McCormack played college football at Kansas and assumed that he would take up a career as a high school coach. He was drafted by the New York Yanks in the 1951 NFL Draft, but had to wait until the third round before being taken. After the 1951 season concluded, he was conscripted into the US Army and served in the Korean War. While he was away, the Yanks moved to Dallas and became the Dallas Texans, which folded after just one season. McCormack came home in 1954 to find that his team had ceased to exist, so he became a free agent and was immediately signed by the Baltimore Colts, a new franchise created the previous year to replace the defunct Yanks/Texans. Cleveland Browns founder Paul Brown had not forgotten seeing McCormack play in his rookie season three years earlier and was sufficiently impressed that he decided to add him to the roster in a trade exchange with Baltimore. In his first season with the team, he played on the defensive line, and famously grabbed the ball out of Lions QB Bobby Layne's hands (in what the referees ruled as a fumble recovery) in the 1954 NFL Championship game against the Detroit Lions helping set up an important early touchdown.
The following season, he was shifted to offensive tackle and helped the Browns once again capture the NFL title. He would play a key role in helping legendary running backJim Brown become one of the dominant players in the game, ending his career with four selections to the Pro Bowl.
Paul Brown. legendary Cleveland Browns founder, owner, and coach, stated in his 1979 memoir, PB: The Paul Brown Story, “I consider (Mike) McCormack the finest offensive tackle who ever played pro football.” Also, according to Paul Zimmerman's 1984 book, The New Thinking Man's Guide to Pro Football, Brown also stated that McCormack was the best offensive lineman he ever coached. The book states that McCormack "[c]ould handle the Colts' Gino Marchetti better than any tackle in the game. Power combined with great intelligence and 4.8 speed. 'I've seen him have games,' former player and NFL executive Bucko Kilroy says, 'where if you were grading him, he'd score 100. Not one mistake, and his guy would never make a tackle.'"
McCormack retired from playing in 1962 and began coaching with the first of four consecutive stints as an assistant in the annual College All-Star Game. In 1965, he was hired as an assistant coach with the Washington Redskins, spending the next eight seasons working under four different head coaches, including former teammate Otto Graham from 1966-1968.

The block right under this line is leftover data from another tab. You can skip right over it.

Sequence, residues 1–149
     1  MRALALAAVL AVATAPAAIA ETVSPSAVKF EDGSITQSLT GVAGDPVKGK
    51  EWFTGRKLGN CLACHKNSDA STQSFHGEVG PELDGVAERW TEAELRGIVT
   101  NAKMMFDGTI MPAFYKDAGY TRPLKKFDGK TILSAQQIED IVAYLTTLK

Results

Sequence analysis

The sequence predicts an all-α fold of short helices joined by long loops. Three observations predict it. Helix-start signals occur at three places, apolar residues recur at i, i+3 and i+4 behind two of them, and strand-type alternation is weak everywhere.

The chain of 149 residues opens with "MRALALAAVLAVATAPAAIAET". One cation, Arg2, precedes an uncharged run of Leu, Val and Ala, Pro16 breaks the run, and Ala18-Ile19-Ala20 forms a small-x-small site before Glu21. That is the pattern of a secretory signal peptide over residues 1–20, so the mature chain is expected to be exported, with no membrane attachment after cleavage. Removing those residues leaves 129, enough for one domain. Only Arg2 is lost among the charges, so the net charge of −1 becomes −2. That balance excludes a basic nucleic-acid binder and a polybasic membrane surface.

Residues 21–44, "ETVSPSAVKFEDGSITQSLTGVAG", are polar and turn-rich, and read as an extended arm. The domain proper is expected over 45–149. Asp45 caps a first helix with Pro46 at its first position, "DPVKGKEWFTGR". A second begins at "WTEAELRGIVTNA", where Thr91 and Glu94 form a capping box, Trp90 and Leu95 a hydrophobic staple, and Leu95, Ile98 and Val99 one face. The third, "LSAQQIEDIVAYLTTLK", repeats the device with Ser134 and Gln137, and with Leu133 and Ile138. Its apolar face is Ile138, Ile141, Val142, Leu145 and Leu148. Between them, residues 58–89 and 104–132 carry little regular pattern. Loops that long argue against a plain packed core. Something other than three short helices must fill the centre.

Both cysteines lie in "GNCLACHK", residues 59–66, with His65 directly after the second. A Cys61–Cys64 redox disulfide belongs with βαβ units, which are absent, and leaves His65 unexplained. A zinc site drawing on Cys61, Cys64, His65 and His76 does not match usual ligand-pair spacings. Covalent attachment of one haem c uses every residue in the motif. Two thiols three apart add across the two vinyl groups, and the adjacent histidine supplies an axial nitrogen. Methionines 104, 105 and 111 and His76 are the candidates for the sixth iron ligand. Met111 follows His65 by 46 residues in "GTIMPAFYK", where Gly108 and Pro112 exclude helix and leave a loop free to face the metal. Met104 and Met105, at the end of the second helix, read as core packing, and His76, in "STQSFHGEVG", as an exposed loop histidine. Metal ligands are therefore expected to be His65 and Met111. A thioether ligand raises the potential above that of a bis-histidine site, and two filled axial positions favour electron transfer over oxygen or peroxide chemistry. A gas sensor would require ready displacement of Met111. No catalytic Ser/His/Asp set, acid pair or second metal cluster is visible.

In 1973, he was hired as head coach of the Philadelphia Eagles, but got fired after the 1975 season and a record of 16-25-1. He moved on to serve as an assistant with the Cincinnati Bengals from 1976-1979, then was hired as head coach of the Baltimore Colts in 1980. He proved no more successful as a head coach in Baltimore than he had been in Philadelphia and was released after two seasons and a 9-20 record. As McCormack put it, "I wanted to be like my mentor, Paul Brown. He was a great teacher and I tried to do the same but unfortunately I always let my emotions carry me away."
In 1982, McCormack joined the Seattle Seahawks, eventually becoming president and general manager. He also served as the Seahawks' interim head coach for the remainder of the 1982 season when Jack Patera was fired after the first two games. McCormack took over during the 57-day players strike and led the team to a 4-3 record, the only time he compiled a winning record as an NFL head coach. He then returned to his management position when the Seahawks hired Chuck Knox as their new head coach in 1983 and declined all further offers to become a head coach.
In January 1989, he was abruptly fired by the new Seahawks owner, Ken Behring, who explained the decision was necessary in order to make changes in the financial operations of the team. Later that year, McCormack became a consultant for Jerry Richardson and his ownership group that were seeking to land an NFL expansion team in Charlotte, North Carolina. In 1993, he was hired by the newly-formed Carolina Panthers as their team president and general manager. He retired from the Panthers organization in 1997, which erected a monument in their stadium honoring him.